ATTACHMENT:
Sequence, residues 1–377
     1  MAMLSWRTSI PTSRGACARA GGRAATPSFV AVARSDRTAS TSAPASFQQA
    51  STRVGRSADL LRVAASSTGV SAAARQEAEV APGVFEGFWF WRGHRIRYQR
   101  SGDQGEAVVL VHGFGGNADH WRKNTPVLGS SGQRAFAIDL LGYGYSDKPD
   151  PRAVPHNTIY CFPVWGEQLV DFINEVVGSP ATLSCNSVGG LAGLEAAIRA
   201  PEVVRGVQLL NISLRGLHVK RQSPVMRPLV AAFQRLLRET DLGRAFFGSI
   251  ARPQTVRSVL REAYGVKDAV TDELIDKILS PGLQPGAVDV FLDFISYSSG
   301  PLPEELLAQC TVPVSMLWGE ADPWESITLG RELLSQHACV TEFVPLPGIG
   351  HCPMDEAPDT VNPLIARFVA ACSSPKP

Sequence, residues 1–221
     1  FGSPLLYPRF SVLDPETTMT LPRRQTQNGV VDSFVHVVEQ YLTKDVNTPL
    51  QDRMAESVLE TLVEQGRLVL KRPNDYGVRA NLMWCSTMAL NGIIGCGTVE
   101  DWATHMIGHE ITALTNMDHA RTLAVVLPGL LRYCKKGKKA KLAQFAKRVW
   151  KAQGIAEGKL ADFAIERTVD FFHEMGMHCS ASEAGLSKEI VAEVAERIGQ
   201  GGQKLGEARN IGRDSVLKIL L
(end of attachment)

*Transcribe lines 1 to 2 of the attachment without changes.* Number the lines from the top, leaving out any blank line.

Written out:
Sequence, residues 1–377
     1  MAMLSWRTSI PTSRGACARA GGRAATPSFV AVARSDRTAS TSAPASFQQA